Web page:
I am genuinely pleased for Kate and William. They looked happy, relaxed and in love with each other when they made the announcement of their engagement a week or so ago and after being with each other after 8 or so years, decided it was eventually time to tie the knot. I'm confident that they will prove to be a durable and happy couple - certainly more in the vein of his grandparents than his parents. The fact that they're marrying in the same place as the his grandparents as opposed to St Pauls Cathedral where his parents married can only be a good omen.
A Reluctant Monarchist
Me? Well, I used to be a staunch Monarchist as a child but my passion for this very British of institutions has faded over the years as my ingrained liberalism has taken a greater hold.
I'd like to think that I have good reason of being a fan in the first instance. For it was the Royal Family and it's history that got me interested in history in the very first place. I can trace a love for history that saw me through to study it and undergraduate and postgraduate level in University down to one simple, but unintentional incident as a child.
My parents and I were on one of our many touring caravan holidays. I must have been 7 or 8 at the time and this was a particularly wet holiday. I decided to buy a pack of playing cards to help us through the wet times, having played a lot of cards with my family as a child. I purchased a pack in the innocence of thinking that they were playing cards but they turned out to me information cards about every King or Queen since 1066. Before I knew it, I was fascinated. The next Christmas, my auntie Elinor bought me a book about the Royal Family. I still have that book. I've since been to Windsor Castle as a child, I attended a Buckingham Palace Garden Party with my mother back in the summer and our family visited Windsor only a few weeks ago to see our family horse Dyfed Celt take his place in the Household Cavalry.
But as a liberal who belives in a meritocracy, there are questions that must be asked regarding a situation where the Head of State is decided not upon merit, but upon an accident of birth. But then, at this moment of financial difficulty, for me, the question of the future of the Royal Family shouldn't be a priority - there's much more important issues that need to be dealt with in the meantime.
Personally, I have a lot of time for the Queen. To devote an entire life to public service in the way that she has, without complaining about it in public, is quite an incredible personal achievement. I'm also (controversially maybe) a fan of Prince Charles. I met him in Cardigan Castle a few years. We spoke briefly and he seemed to me to be an affable, pleasant enough chap. William seems like a nice guy too. Just like his great aunt, I'm pleased that Harry wasn't born the eldest - like Margaret, he's wild!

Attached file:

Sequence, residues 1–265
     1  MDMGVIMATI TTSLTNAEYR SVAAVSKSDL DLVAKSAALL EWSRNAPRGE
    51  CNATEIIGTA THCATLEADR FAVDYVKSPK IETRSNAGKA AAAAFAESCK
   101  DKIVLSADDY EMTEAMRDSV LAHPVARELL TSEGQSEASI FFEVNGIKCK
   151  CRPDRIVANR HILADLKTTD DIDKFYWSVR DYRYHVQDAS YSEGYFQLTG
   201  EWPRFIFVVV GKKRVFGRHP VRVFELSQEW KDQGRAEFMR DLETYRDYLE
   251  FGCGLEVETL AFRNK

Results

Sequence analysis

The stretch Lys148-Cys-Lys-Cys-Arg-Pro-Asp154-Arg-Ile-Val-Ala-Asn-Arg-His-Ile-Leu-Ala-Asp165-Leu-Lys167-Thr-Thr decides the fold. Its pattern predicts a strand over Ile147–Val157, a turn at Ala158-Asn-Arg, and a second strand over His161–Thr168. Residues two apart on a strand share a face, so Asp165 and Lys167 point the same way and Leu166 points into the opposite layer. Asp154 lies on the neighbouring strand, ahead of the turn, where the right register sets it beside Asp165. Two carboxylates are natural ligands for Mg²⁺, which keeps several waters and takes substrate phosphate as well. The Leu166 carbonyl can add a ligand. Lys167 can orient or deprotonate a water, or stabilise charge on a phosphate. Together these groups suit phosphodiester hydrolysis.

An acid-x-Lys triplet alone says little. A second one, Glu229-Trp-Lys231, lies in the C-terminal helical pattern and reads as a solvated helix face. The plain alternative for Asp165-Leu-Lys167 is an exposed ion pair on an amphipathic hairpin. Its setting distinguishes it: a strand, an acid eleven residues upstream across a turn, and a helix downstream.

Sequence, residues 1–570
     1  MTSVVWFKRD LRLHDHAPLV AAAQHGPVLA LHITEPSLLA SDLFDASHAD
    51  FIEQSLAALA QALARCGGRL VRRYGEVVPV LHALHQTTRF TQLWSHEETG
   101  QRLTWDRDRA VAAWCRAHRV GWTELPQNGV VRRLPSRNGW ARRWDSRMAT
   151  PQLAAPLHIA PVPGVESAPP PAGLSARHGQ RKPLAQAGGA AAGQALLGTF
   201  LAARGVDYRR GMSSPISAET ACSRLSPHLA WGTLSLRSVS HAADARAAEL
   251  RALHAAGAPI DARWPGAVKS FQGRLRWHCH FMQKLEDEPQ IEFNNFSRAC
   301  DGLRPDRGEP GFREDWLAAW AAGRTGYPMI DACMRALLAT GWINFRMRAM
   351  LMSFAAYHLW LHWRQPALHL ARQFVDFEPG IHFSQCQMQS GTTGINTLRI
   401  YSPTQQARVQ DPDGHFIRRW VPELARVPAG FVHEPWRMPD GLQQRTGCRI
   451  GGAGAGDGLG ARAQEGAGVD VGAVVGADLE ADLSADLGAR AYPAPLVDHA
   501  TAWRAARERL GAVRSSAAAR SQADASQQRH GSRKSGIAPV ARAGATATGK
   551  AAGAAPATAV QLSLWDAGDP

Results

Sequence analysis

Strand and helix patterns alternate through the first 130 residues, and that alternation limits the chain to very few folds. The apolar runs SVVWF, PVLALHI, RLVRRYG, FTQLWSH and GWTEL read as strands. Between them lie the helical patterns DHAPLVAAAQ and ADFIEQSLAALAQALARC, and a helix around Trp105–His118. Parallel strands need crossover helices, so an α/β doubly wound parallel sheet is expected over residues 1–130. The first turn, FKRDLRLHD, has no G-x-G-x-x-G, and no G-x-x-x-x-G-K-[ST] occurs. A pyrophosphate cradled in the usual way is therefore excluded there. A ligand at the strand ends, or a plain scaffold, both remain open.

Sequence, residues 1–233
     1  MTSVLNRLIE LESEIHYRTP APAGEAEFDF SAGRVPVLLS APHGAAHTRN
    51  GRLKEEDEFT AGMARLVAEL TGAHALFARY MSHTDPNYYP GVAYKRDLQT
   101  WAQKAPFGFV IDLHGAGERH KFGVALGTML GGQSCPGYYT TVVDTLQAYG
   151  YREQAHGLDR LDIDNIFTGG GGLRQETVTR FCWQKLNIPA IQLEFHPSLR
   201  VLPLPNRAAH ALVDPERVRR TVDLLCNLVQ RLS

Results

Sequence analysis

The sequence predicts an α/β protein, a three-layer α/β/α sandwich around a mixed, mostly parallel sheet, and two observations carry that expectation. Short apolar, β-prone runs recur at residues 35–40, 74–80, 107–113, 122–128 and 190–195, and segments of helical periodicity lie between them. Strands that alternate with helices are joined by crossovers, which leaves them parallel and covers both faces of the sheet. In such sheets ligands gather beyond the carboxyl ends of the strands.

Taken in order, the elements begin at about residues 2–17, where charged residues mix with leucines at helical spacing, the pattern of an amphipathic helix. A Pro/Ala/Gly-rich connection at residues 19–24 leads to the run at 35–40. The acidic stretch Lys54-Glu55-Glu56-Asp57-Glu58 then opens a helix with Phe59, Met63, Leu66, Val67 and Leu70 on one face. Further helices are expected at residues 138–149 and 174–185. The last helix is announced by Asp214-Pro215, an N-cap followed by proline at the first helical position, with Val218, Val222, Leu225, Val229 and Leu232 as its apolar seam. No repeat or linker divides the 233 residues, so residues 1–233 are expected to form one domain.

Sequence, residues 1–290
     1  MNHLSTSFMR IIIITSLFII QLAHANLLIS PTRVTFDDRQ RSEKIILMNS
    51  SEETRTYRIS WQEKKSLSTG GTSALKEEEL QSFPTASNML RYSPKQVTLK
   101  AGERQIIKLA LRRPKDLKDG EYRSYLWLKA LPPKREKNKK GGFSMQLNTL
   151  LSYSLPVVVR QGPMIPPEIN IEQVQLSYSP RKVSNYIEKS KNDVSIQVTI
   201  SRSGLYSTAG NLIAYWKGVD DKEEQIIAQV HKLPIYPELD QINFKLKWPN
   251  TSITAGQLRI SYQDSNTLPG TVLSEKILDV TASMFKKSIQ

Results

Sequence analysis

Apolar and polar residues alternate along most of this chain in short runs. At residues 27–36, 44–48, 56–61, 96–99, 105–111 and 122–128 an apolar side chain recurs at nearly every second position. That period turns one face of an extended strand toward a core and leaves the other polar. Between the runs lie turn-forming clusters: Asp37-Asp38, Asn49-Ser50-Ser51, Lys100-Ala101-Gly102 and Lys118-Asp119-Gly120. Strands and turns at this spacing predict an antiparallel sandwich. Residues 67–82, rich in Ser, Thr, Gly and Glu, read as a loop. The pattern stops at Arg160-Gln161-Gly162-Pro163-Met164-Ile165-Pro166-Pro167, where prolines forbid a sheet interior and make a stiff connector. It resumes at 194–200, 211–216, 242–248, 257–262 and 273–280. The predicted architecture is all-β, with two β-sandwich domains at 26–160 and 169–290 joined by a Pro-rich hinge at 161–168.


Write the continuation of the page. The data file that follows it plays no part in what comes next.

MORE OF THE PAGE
Who should pay for the Wedding?
But, stripping away the individuality of the situation and taking it in the whole, can we afford the Royal Family? Should the tax-payer have to pay for Royal Weddings when we're tightening our belts enough as it is?
It's a tough one. The British monarchy last year in total, cost the taxpayer £38.2m (not including security costs). This equates to 62p per person. A bargain you might say and many would argue. But Prince William himself has security that costs £1.4m for his cottage in north Wales where he is working with the RAF. There will also be a temporary grant of £1m to help pay for the Queen's Diamond Jubilee celebrations in 2012.
The issue is that we're all tightening our belts and it's difficult to imagine, even for a potential future King, that even more money will be given from us the tax-payer, to pay for this wedding. It is estimated that the Queen has a personal reserve of some £290m. She may well have to 'dip' into this wealth herself. All things considered, I think she should. She has already shown restraint in agreeing to cut the total spending of the Royal Household by 14% in 2012/13 which is in-line with the public sector cuts that her subjects are having to face. This to me seems fair and reasonable. If she were to pay for the costs of her grandson's wedding, it would be an even greater sign of her acknowledging that now is not the time to make more demands on the public purse.
Because at the end of the day, I wouldn't expect William and Kate to have to pay for my wedding so in these austere times, they shouldn't expect us to have to pay for theirs. If they want to marry in Westminster Abeey with all of the pomp and occasion that goes with it, that is their choice and I have no problem with that - but let the Royal Family pay for it.
If they were to do so, then on the big day itself, we could all enjoy the extra day off and celebrate the day with them, knowing that they've done their bit by not asking us to foot the bill. It'll also give us an additional reason to celebrate the Queen's Diamond Jubilee in 2012.
The Royal Family are popular in Britain. To remain so, their PR machine should be telling them the best thing to do - pay for the wedding themselves and don't burden an already thrifty and concerned society any further on this occasion. By doing so, it will only further bolster that popular support.
Good luck to William and Kate. I hope you'll be happy together. My gut instinct is that you will.